The tales of hues and harmonies: Trademark Protection of single colour and sound marks

Part 1B: Colour & Contrast in India

Resuming our discussion on the golden bunny and legality of colours as trademarks, India is not oblivious to the concept of single colour trademarks (In continuation to the previous post-The Golden Hare and Monochromic affair. Of the trademarks mentioned previously, Tiffany & Company have an Indian registration (Application No. 4035753) for its robin egg blue box and Christian Louboutin has a registration (Application Nos. 2341894, 1922048) for its red shoe sole. Additionally, Ownes Corning, an insulation and roofing company based in USA has a registration for colour Pink (Pantone 210) in India (Application No. 1705585) since 2008. Much like the international arena, the Indian Trade Marks Act does not explicitly recognize single colour trademarks and the interpretation usually flows from section 2(1)(m) that provides for the definition of ‘marks’, section 2(1)(zb) that provides for the definition of ‘trademark’ (both of which explicitly provide for ‘combination of colours’) and section 10 that states “a trademark may be limited wholly or in part to any combination of colours and any such limitation is to be considered while deciding on the distinctive character of the trademark”. Additionally, the Manual of Trademarks – Practice & Procedure that is adhered to by the Indian Trademark Registry specifies that single colour trademarks are usually liable to be objected under Section 9(1)(a) of the Trade Marks Act, due to lacking capacity to distinguish. However, single colour trademarks may be registrable “if it is very unusual and peculiar in a trade and is recognized by traders and consumers alike that it serves as a badge of origin for that class of goods”.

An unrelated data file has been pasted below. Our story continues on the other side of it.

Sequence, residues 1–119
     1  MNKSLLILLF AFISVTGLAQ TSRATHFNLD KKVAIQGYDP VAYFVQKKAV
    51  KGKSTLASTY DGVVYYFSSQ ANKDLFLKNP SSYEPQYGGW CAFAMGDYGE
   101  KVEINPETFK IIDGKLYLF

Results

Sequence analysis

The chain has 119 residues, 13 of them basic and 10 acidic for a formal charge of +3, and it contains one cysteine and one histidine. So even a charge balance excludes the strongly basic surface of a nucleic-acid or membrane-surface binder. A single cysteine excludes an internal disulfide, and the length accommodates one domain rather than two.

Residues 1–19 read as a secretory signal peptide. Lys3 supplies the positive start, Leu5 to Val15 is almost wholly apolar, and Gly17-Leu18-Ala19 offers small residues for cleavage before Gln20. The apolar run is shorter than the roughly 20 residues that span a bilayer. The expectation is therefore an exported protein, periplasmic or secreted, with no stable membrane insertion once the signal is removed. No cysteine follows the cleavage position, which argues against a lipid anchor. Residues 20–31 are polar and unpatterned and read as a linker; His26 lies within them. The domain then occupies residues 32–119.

Prism of Precedents